Style doesn’t come easily to the writer. It often takes years before she discovers her voice. While craft can be taught, style is something that comes organically from each writer. It is a matter of personal expression, the way in which she shapes the world she sees through language, syntax, grammar, etc. Most writers, like painters, mimic their favorite writers. This is a part of the process, but eventually every writer must look at her own work to discover her style.
One important process to discovering style is, of course, examining other writers. That means reading. Examining the style of writers that you love will not only give you an idea of what style is, but it will also give you an indication of what you love, what you enjoy, what you see as the most effective way to express your own voice. A good place to start is your own library. Take down one of your favorite books and reread it. Take notes on what impressed you in terms of word and syntactical choices. Look at the book’s tone. Is it humorous? Is it atmospheric? Look at how diction plays a role in both tone and theme. Pay close attention to how your favorite writer made the particular choices she made.
Another good way to process another writer’s style is to read interviews of that writer. Interviews are a great way to get directly into the head of that particular writer and discover his or her writing process. Poets & Writers magazine publishes a lot of interviews with writers and poets. Recently, Henry Holt and Co. published The Novelist’s Handbook, edited by writer Daniel Alarcon (Lost City Radio). The Novelist’s Handbook is a compendium of questions about the writing process posed to today’s working writers. It’s an eye opener not only in how writer’s write, but also in how each writer has her own process toward her work.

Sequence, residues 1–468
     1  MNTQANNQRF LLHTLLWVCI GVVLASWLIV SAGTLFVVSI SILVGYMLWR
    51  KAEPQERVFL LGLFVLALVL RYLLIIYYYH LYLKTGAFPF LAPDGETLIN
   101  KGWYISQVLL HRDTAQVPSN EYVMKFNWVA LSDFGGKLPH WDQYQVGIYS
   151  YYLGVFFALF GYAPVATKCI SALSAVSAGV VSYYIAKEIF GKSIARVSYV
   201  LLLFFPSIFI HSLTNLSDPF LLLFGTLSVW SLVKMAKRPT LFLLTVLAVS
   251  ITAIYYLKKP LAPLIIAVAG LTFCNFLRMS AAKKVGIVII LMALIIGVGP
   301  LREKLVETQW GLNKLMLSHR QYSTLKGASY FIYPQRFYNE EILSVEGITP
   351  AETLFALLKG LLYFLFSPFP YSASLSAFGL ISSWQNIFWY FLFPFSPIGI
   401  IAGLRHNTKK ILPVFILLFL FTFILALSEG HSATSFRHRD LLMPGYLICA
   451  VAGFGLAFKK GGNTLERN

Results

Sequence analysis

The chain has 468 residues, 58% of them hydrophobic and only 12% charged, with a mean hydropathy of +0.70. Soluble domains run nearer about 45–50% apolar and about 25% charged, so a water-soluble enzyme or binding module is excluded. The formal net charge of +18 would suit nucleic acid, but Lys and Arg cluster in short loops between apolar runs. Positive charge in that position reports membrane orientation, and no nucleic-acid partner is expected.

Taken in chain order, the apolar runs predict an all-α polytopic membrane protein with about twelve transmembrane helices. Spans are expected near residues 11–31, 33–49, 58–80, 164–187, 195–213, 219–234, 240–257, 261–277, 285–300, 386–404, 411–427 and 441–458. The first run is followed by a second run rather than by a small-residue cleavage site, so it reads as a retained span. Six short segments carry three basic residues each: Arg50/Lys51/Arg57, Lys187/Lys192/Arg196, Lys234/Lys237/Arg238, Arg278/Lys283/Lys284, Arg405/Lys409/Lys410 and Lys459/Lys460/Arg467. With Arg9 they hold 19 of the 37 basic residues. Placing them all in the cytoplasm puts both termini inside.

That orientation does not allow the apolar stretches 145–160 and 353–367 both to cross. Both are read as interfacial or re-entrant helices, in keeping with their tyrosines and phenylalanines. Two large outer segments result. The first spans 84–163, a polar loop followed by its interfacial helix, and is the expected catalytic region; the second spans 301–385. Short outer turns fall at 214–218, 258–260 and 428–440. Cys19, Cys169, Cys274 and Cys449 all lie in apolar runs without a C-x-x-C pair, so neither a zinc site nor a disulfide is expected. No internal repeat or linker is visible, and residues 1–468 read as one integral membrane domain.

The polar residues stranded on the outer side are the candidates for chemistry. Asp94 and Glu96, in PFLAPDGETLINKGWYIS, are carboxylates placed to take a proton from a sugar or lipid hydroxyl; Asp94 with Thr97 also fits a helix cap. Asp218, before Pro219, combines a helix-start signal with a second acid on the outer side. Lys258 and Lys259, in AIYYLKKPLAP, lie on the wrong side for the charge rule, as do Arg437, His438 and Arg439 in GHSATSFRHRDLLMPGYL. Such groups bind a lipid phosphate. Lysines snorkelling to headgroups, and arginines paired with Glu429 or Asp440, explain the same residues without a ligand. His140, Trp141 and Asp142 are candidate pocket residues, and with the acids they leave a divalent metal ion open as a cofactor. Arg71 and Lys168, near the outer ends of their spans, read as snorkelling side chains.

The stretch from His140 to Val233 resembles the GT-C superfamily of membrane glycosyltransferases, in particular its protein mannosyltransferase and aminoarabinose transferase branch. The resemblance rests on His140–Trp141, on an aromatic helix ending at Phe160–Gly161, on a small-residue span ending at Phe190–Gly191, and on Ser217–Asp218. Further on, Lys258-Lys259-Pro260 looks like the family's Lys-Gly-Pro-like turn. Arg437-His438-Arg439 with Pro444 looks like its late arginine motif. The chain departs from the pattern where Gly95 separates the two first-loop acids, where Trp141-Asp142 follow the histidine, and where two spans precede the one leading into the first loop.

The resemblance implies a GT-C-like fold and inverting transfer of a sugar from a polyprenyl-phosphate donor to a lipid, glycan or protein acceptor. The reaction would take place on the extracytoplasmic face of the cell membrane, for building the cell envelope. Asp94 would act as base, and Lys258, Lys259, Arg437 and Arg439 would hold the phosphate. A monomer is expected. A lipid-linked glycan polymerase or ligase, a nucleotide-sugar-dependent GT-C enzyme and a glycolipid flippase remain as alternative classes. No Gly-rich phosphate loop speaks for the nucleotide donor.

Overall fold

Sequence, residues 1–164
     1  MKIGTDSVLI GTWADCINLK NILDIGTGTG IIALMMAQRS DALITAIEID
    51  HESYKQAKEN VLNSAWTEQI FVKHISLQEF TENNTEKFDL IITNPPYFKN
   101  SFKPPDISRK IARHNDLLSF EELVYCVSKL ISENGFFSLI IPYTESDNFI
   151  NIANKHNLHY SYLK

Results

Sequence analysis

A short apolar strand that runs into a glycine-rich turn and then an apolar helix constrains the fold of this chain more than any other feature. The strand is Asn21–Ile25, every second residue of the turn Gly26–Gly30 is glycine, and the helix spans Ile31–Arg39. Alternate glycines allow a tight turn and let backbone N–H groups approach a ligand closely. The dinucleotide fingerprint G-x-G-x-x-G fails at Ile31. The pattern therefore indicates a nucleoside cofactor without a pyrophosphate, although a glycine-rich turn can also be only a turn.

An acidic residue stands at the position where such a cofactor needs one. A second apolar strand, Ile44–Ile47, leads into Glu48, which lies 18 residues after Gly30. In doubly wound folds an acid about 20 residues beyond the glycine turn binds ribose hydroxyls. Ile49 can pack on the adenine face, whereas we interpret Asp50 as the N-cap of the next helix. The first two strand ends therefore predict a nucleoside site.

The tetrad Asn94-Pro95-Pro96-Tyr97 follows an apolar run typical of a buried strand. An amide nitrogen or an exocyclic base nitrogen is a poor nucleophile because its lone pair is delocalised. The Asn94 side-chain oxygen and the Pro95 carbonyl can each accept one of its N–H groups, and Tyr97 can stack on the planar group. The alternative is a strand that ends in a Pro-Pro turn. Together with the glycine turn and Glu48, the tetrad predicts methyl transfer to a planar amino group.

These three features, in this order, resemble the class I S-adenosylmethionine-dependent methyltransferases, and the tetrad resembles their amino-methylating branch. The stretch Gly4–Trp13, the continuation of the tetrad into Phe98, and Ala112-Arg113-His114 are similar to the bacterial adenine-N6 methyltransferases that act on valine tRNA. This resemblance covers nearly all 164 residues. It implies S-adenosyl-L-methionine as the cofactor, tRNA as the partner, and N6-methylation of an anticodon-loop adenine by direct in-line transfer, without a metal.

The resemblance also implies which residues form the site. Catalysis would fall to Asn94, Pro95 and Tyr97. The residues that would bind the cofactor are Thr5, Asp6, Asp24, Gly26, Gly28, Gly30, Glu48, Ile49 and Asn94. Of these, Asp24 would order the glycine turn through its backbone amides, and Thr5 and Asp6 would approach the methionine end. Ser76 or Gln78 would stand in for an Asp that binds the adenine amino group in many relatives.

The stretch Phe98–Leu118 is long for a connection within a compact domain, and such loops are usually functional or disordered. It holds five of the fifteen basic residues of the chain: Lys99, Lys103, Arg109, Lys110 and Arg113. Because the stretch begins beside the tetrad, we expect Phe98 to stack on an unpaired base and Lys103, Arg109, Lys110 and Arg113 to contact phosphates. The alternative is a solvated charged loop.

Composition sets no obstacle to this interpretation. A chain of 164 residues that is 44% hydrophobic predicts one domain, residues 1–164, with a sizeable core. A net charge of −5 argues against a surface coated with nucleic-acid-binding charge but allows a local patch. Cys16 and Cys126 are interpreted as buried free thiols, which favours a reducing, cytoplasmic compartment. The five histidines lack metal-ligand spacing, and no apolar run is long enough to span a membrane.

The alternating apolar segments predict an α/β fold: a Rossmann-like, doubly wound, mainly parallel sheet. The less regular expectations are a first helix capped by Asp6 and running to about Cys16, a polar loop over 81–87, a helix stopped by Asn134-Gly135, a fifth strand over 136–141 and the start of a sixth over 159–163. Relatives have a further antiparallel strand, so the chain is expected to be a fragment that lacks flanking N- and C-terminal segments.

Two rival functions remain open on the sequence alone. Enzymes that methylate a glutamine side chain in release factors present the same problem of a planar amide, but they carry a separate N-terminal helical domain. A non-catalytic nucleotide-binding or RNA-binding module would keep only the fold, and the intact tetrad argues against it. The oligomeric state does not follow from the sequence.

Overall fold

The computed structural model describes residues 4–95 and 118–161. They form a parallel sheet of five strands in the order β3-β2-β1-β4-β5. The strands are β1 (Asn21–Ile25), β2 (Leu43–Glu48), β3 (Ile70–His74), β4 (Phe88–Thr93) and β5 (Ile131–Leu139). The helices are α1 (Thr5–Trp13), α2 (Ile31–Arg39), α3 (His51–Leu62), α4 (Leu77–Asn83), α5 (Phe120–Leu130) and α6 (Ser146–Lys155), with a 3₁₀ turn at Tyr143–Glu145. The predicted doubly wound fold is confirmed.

Diction is one of the most important aspects of writing. Understanding how diction works will help in discovering your particular style. This requires reading your own work to discover your diction choices. What type of words are used consistently in your work? Do you tend toward an elevated or Latinated word choice or is your word usage colloquial, informal? Syntax is also important to a writer’s style. For instance, simple noun-verb-object sentences speak to one particular style, as opposed to more complex sentences that rely heavily on clauses, conjunctions, etc. Punctuation marks can also be stylistic. If you find you have a love for semi-colons, then that speaks to a stylistic choice on your part. It defines who you are as a writer.
Another way to discover your writing style is to have it told to you. Workshops are great precisely for this reason. When you’re surrounded by other writers, you have readers who will be able to pick things up in your writing that you might possibly miss. Specifically ask other workshop members for what they pick up on in your style. Let them know this is a particular concern of yours. They’ll not only be able to give you a genuine idea of what is consistent in your work, but also help you determine what works and what doesn’t work. This will help you hone your style more sharply.
These are just some ways to help you discover your style. Always keep handy a set of writing tools to help you with your work. This includes a dictionary, a thesaurus, and of course, the bible on writing style, Elements of Style. When you commit to your writing, eventually your own voice will come through, and you’ll have a style that is all your own.